How to Evaluate Supply Chain Software Solutions
Jesse Kelber - October 29, 2019
How are you using your ERP software? Strictly for resource planning, as intended? Or are you stretching that definition to include aspects of your supply chain management needs as well? ERP solutions are an offshoot of financial software, and most of it functions as such and can be clunky when pressed into alternative uses. A dedicated SCM software solution, on the other hand, is as flexible and multifunctional as your supply chain itself. Think of it like this: would you rather build your personal daily calendar out of an Excel spreadsheet, which is totally doable, or just use a ready-made calendar tool like Google Calendar? Yes, both are workable solutions, but only one is actually made to help you keep track of lunch dates and offer reminders for those important meetings you just can’t miss.
The supply chain management software (SCMS) market is growing steadily year over year, making it easier than ever to find the solution that fits your specific needs, while leaving room for scalability and offering the flexibility you need. To help get the ball rolling, we present a short list of questions you can ask yourself to start sorting out just what your needs truly are and help determine which solution will best meet them now and well into the future.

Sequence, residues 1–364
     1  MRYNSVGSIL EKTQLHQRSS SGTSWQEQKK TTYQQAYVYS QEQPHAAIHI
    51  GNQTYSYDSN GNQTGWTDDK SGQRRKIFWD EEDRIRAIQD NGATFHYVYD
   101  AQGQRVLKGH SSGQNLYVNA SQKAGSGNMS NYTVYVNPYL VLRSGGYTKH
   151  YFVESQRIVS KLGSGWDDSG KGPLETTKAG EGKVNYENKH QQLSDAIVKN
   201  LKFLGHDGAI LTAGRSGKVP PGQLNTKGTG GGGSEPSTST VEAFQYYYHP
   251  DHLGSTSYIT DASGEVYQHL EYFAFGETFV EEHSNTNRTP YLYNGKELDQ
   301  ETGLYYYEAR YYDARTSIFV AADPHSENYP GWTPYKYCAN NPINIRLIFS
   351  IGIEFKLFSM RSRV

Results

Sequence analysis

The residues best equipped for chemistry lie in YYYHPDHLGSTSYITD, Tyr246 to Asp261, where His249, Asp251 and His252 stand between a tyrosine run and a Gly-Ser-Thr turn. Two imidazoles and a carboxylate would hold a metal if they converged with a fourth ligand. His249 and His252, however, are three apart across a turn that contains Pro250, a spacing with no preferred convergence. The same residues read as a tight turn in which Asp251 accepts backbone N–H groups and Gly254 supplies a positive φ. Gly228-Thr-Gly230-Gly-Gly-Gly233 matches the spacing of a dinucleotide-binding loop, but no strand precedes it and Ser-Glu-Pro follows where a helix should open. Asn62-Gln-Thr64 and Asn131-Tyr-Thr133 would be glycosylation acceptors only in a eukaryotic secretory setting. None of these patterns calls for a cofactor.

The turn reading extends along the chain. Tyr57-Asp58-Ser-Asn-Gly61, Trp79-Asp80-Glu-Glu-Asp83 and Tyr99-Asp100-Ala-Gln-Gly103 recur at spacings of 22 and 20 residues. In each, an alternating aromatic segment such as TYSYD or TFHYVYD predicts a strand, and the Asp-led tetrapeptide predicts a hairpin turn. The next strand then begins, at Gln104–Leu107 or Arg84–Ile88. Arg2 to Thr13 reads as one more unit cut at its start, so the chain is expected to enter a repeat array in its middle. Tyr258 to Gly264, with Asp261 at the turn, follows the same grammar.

What’s Your Use Case?
What aspects of the supply chain are you responsible for? How about your team? The team next door? Let’s put it this way, your SCM solution should be able to handle what you need now, and offer modules or other expansion options so you’ll know everything works together smoothly moving forward. That leaves the door open for such an expansion without the added headache of finding a new solution. SCM software generally includes the following functionality, either baked in or via modules that can be added: